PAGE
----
Anima’s most advanced drug is a preclinical, immunology candidate to treat lung fibrosis. It has demonstrated efficacy and safety in mouse models, where it reduced collagen production and fibrotic biomarkers in cells and tissue explants that were derived from patients with lung fibrosis. The clinical trial is a collaboration between Anima and Abbvie, which began last year when the latter offered $42 million to work with the biotech to discover immunology and cancer drug candidates.

    CureVac

    The list would be incomplete without the mention of CureVac. The German biotech company engineers mRNA to deliver messages to cells to produce disease-fighting proteins and antibodies.

    CureVac has a range of candidates in its pipeline in different stages of development. The most advanced candidates are its influenza vaccines, CV0601 and CV0701, which are in phase 2. The trial is in collaboration with pharma giant GSK. Interim phase 2 results from last week revealed that the seasonal flu vaccine candidate boosted antibody titers at all dose levels and for all encoded seasonal influenza strains across younger and older adults, according to a press release. However, the candidate did struggle to meet comparator vaccine immune response levels for Influenza B.

    In January, CureVac announced promising trial results where the two vaccines produced meaningful immune responses at lower doses than similar approved vaccines. However, adverse reactions were recorded in patients.

    Last year, the biotech closed a $250 million public offering.

    Ethris

    Situated in Planegg in Germany, Ethris is devoted to using non-immunogenic messenger RNA (SNIM mRNA) to develop vaccines and therapies. 

    The company’s Stabilized Non-Immunogenic mRNA (SNIM® RNA) platform generates stabilized non-immunogenic mRNA. This mRNA is said to overcome the instability of mRNA because of chemical changes in their structures. This can be used to create and replace proteins that can tame diseases.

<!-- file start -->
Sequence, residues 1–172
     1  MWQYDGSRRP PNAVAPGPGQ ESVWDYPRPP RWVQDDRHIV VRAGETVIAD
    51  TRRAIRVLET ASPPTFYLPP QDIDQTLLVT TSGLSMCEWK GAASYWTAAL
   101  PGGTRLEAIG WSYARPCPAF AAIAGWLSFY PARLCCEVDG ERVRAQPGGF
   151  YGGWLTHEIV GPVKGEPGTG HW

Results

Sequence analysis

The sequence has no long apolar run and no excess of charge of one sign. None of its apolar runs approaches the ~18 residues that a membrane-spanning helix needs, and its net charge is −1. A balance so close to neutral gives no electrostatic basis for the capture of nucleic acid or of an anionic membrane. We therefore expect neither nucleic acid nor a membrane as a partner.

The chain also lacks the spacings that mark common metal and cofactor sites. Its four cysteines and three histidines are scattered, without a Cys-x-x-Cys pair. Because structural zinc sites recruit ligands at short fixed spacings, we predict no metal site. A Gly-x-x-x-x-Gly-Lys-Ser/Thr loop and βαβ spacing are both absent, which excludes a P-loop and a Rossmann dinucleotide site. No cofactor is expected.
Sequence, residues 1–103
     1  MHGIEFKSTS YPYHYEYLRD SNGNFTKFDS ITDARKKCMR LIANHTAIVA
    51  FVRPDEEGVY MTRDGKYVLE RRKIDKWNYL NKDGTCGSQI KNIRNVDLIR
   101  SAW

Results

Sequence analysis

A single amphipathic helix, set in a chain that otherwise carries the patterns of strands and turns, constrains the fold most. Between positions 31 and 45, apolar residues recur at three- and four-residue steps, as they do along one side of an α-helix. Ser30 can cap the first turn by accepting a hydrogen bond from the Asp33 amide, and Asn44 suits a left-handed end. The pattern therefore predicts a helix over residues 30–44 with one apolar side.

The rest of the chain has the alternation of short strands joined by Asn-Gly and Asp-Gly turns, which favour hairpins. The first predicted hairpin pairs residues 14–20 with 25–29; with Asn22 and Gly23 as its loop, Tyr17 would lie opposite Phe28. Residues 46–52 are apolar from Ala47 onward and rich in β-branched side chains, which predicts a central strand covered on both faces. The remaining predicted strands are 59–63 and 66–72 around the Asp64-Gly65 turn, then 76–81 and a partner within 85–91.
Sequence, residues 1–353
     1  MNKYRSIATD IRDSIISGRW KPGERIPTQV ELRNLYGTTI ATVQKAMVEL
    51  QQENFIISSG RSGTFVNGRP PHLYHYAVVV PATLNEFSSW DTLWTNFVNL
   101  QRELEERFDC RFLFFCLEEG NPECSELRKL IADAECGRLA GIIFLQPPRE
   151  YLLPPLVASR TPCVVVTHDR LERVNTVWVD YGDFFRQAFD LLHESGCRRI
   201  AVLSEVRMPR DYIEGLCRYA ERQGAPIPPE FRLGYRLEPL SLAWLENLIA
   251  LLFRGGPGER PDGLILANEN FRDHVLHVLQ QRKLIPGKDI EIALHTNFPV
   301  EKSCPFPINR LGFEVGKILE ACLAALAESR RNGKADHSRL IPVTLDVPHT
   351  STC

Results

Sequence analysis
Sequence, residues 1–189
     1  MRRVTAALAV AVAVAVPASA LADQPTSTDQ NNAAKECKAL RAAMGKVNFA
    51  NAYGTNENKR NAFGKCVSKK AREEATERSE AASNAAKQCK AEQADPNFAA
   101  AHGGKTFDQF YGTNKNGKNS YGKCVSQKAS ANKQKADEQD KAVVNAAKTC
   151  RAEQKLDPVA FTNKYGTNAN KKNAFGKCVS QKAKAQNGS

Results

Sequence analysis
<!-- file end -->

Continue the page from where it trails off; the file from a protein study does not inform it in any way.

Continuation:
It also has an LNP platform that allows efficient transport of mRNAs via inhalation to the lungs as well as via intramuscular injection for vaccination. Ethris evades the challenges of maintaining the quality of LNPs with the help of its lipidoid formulation and optimized nebulization technology.

    Ethris’ ETH42 is an inhaled drug currently being evaluated in preclinical trials to fight a rare, inherited disease called primary ciliary dyskinesia, that affects several organs in the body. Preclinical studies have been completed for ETH47, which addresses asthma exacerbations. The phase 1 study began in December 2023, and will comprise 88 participants. ETH47 can be administered by inhalation or via a nasal spray.

    Gritstone bio

    A self-amplifying mRNA (samRNA) molecule, like the name suggests, has the ability to self-replicate and produce more copies of itself. Gritstone leverages this mechanism to create vaccines for infectious diseases.

    The American biotech’s vaccine platform helps enclose the immunogen into a vector, which is delivered to patients to induce T cell production, neutralize antibodies, and destroy target cells. Its samRNA vaccine for COVID-19 is currently in the clinic.

    Interim results from a phase 1 trial explained that durable immunogenicity was achieved, and in patients who had previously been vaccinated, immunity was boosted for at least six months.